Trier, Germany

We visited Trier, Germany in May of 2016, and I am finally writing about it almost a year later! Better late than never, right?

I didn’t know what to expect and was pleasantly surprised by Trier. It’s a great place to visit in Germany with children, especially if you enjoy history. Though some areas of town were marked as having been destroyed during World War II and subsequently rebuilt, Trier has an impressive amount of ancient Roman ruins.

The Porta Nigra in Trier, Germany.
A mid-century building in Trier, Germany. We read a nearby plaque that described that this area of town suffered damage in World War II and had to be rebuilt.

For this trip, we opted to stay in a hotel, the Mercure Hotel Trier Porta Nigra, because of its impossible to beat location. It stands in the shadow of the Porta Nigra, the Roman-built city gate built around 180 A.D.

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The view from our hotel room in Trier, Germany.

Travel tip! Because we wanted to see the Porta Nigra and many of the other ancient sites, we purchased the Antikencard at the Trier Tourist Information Center (next to the Porta Nigra). There are a few Antikencard options that are worth checking out if you plan to visit two or more of the ancient Roman sites during your visit. They can be purchased at any of the Roman sites, the Tourist Information Center, or the Rheinisches Landesmuseum.

In addition to the Porta Nigra, we visited the Roman Amphitheater, the Kaiserthermen (Imperial Baths), and the Rheinisches Landesmuseum Trier (Archaeological Museum). These were all cool to see. I am always amazed to see places and artifacts like this that have stood the test of time, surviving regime changes, wars, and Mother Nature.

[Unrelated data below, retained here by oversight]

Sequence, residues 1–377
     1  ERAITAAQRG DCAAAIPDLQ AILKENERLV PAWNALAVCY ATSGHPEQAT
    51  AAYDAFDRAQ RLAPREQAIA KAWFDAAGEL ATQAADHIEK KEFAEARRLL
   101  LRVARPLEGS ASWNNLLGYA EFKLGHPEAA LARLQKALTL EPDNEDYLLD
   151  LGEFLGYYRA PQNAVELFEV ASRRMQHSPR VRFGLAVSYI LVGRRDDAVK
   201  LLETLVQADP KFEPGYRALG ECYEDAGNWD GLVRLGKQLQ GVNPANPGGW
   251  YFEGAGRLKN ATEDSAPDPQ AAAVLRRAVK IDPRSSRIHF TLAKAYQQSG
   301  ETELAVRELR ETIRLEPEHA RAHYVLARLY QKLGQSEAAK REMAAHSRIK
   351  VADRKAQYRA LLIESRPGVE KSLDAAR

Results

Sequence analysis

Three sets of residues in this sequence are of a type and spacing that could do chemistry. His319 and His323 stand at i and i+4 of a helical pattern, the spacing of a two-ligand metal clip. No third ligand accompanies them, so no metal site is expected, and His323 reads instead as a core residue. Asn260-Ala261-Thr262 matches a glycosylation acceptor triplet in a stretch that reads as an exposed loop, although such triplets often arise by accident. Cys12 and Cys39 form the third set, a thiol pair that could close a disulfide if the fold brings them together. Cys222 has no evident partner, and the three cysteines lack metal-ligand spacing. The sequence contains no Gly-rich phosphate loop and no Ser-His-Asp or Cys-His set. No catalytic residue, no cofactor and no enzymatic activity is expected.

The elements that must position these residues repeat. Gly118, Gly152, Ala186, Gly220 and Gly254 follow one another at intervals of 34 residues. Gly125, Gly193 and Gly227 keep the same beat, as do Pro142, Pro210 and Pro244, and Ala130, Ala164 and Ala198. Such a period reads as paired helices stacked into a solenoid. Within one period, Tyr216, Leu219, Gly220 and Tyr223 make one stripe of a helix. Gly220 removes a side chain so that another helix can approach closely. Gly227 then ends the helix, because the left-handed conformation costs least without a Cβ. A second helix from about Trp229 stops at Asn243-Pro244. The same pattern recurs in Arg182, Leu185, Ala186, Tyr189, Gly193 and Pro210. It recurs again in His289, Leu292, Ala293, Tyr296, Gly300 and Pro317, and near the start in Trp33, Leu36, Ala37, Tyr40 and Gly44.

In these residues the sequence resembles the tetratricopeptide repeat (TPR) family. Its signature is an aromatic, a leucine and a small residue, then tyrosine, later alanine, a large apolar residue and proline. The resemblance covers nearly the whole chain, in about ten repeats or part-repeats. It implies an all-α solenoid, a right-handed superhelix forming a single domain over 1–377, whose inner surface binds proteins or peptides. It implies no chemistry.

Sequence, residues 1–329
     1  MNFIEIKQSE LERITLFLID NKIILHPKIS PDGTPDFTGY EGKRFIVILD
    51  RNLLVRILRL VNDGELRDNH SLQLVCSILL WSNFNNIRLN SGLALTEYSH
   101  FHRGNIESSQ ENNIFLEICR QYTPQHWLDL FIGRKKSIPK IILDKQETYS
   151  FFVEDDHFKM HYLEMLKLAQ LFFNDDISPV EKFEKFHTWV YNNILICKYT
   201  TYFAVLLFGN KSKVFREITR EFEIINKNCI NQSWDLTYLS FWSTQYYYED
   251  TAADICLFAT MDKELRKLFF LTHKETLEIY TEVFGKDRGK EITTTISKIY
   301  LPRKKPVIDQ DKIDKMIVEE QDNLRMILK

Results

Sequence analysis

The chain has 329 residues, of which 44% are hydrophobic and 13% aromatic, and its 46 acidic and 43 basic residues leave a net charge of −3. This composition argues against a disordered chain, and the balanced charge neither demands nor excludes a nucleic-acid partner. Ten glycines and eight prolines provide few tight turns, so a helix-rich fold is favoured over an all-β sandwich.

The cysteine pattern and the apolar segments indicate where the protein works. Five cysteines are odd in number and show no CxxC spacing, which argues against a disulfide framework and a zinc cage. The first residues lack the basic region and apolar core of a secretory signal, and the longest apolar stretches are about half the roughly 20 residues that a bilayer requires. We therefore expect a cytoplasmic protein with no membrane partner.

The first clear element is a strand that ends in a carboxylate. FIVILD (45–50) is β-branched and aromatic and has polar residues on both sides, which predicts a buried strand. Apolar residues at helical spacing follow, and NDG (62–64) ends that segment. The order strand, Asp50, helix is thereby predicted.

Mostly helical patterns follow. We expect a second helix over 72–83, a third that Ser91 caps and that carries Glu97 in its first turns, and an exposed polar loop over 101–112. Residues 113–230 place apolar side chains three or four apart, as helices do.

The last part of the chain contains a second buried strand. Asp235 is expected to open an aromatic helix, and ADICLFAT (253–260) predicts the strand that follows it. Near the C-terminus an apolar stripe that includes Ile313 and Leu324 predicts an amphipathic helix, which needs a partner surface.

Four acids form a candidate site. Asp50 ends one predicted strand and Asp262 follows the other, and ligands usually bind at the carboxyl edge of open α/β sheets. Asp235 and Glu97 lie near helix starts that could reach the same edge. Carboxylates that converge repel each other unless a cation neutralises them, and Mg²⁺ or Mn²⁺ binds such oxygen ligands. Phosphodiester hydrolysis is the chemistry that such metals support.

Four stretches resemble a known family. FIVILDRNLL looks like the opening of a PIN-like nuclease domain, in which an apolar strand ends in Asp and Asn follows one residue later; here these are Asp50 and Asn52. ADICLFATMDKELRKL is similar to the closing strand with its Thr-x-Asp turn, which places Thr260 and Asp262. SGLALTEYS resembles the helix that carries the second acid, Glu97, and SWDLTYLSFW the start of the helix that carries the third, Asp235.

The Roman Amphitheater in Trier, Germany.
The Roman Amphitheater in Trier, Germany.

Our son enjoyed the sites as well, especially the amphitheater, but he was pretty exhausted and over it by the end of the day. We walked to all the locations, and the Porta Nigra and the Amphitheater are on opposite ends of the old part of the city from each other. That’s a lot for a six-year-old. We were sure to reward him with some gelato, and me with a hot pretzel (one of my favorite snacks!), in the Hauptmarkt (Main Market).

Hauptmarkt in Trier, Germany.
Hauptmarkt in Trier, Germany.

Another nice place we found to take a rest was the Palastgarten (Palace Garden) outside the Electoral Palace. We did not go into the Palace, but we admired its unique pink color from the outside! The Gardens extend from the Kaiserthermen, around the Rheinisches Landesmuseum, to the Palace and beyond on one side. There are many lovely sections including a pond, fountains, a good-sized playground, play fountains for kids, and lots of grassy areas for picnicking or just enjoying the day.

The Kornmarkt Square is another nice place to have a seat and rest. Our son enjoyed playing in the interactive water features of the fountains there.